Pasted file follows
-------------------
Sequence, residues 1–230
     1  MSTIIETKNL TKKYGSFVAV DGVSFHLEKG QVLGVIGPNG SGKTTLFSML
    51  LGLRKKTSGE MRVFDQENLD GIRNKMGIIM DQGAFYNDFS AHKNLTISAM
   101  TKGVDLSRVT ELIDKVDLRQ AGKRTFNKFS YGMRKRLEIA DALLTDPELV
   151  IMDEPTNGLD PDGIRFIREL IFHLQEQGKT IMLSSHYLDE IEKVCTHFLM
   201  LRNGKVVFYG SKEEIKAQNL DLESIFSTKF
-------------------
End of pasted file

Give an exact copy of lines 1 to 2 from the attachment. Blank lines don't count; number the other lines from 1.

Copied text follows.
Sequence, residues 1–230
     1  MSTIIETKNL TKKYGSFVAV DGVSFHLEKG QVLGVIGPNG SGKTTLFSML